Now, all you dirty old men as well as members of the PC Police – relax! I know what your fevered imagination is conjuring up. That’s not what I’m talking about. But before I plunge into a truly fascinating research, let me begin with a personal story.
In my early days as a researcher, I was struck by the phenomenon of thymus involution, meaning that as we age the thymus gland loses its volume, cell number, and function. Turning this statement on its head, could it be that as a consequence of thymus loss of function we undergo the aging process? The implication of that could be profound: aging may not be an unavoidable process if we could only keep the thymus gland fully functional.
The function of the thymus
The thymus has an important function: it is responsible for the “education” of T lymphocytes, a critical component of the immune response, to recognize “self” from “non-self,” thus endowing us with defense against foreign invaders, like parasites, bacteria, and viruses, while avoiding destruction of “self” tissues (autoimmunity). To test this hypothesis I selected a short-lived strain of mice (AKR strain) and periodically grafted thymus from young mice into the aging mice. There was only a slight problem: most of the older mice succumbed to the anesthesia; only about 5% survived, but they actually had a longer life span, and their T cell function was youthfully intact. It was impractical to pursue this research with such a high mortality, so I just moved on, abandoning this line of investigation.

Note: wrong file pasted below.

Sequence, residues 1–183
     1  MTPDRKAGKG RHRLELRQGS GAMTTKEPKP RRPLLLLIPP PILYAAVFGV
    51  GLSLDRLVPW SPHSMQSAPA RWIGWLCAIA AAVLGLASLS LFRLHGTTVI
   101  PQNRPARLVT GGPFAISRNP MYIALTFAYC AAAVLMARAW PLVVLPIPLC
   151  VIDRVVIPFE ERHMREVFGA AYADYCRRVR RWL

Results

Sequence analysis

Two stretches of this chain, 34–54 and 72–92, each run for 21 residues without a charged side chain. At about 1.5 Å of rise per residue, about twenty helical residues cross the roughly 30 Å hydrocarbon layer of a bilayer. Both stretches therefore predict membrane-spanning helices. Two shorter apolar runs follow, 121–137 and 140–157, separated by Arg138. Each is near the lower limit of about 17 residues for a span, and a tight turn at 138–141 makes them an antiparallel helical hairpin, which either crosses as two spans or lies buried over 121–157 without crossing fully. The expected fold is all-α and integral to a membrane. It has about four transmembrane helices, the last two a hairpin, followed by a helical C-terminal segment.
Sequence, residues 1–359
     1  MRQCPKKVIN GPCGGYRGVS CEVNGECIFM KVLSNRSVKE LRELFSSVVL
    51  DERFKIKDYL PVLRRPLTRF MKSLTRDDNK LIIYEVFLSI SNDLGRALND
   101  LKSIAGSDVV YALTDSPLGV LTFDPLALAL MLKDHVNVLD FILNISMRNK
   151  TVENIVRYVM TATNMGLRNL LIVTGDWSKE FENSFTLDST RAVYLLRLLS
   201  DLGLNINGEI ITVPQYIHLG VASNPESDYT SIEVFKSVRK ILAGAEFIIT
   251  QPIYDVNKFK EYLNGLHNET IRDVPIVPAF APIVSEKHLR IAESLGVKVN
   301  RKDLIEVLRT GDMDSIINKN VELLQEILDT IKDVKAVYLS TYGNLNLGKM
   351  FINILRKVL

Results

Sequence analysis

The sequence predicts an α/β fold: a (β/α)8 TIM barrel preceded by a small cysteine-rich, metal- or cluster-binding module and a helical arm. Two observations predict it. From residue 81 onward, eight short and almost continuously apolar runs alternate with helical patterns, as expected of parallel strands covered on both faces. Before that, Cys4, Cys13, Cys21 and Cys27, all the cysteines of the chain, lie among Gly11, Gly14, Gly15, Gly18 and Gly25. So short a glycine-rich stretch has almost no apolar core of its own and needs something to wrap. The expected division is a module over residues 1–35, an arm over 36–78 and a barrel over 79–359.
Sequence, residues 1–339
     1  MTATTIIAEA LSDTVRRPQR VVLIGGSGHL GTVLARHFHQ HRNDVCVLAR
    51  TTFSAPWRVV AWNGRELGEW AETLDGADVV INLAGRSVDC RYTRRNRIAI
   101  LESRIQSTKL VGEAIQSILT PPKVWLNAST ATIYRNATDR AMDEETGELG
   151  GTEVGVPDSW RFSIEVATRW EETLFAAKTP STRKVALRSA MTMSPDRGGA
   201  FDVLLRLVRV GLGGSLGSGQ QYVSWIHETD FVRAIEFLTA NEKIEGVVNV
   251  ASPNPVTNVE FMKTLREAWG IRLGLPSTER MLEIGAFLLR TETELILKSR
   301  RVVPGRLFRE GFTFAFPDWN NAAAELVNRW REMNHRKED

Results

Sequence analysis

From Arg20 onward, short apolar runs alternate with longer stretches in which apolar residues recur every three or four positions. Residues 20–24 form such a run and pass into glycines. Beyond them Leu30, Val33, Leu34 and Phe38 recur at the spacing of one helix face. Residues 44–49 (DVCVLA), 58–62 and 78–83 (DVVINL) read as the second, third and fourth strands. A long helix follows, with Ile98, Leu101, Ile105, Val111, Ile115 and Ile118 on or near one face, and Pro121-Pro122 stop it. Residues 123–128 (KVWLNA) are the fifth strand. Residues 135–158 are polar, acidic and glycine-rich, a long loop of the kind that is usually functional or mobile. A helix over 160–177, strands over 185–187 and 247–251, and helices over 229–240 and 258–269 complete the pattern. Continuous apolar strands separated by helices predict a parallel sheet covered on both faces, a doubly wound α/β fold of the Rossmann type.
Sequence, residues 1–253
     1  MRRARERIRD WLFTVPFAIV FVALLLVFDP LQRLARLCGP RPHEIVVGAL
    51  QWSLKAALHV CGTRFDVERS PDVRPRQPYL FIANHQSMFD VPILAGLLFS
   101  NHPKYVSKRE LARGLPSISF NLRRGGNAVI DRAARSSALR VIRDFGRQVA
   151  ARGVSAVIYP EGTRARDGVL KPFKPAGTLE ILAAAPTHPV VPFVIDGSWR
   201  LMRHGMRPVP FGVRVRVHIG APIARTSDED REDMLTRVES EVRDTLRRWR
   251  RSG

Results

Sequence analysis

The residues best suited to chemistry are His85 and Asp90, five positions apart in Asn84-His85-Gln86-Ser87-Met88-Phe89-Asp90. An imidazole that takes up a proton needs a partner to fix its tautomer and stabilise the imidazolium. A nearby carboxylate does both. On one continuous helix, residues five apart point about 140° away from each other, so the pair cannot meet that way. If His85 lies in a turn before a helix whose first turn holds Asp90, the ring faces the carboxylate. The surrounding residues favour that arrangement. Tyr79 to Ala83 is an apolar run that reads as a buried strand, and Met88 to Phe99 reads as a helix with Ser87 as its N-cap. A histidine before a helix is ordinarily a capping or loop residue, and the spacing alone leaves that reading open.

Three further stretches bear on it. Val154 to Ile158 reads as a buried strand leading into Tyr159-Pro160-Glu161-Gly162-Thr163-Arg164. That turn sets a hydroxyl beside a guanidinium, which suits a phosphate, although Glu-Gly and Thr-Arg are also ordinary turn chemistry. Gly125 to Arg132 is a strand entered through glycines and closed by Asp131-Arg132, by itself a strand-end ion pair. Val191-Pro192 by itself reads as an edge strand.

You can imagine my satisfaction when I read a Nature article by Amy Wagers and Irving Weissman of Stanford in which they hooked up young mice to old mice and rejuvenating the old mouse livers. A factor in the young blood prompted liver stem cell proliferation in the oldsters. Hooking up two blood circulations is called parabiosis, and when animals of two different ages are involved it is called heterochronic. This heterochronic parabiosis experiment wasn’t a one-off.
Amy Wagers, now at Harvard, followed up with a paper titled Growth Differentiation Factor 11 Is a Circulating Factor that Reverses Age-Related Cardiac Hypertrophy showing that the pathological changes of the aging heart, such as thickening of the cardiac walls, are reversed by heterochronic parabiosis, and that the factor responsible for this effect is called DGF-11.
If that’s not exciting enough, read on.
“Remyelination is a regenerative process in the central nervous system (CNS) that produces new myelin sheaths from adult stem cells. The decline in remyelination that occurs with advancing age poses a significant barrier to therapy in the CNS, particularly for long-term demyelinating diseases such as multiple sclerosis (MS). Here we show that remyelination of experimentally induced demyelination is enhanced in old mice exposed to a youthful systemic milieu through heterochronic parabiosis. Restored remyelination in old animals involves recruitment to the repairing lesions of blood-derived monocytes from the young parabiotic partner, and preventing this recruitment partially inhibits rejuvenation of remyelination. These data suggest that enhanced remyelinating activity requires both youthful monocytes and other factors, and that remyelination-enhancing therapies targeting endogenous cells can be effective throughout life.”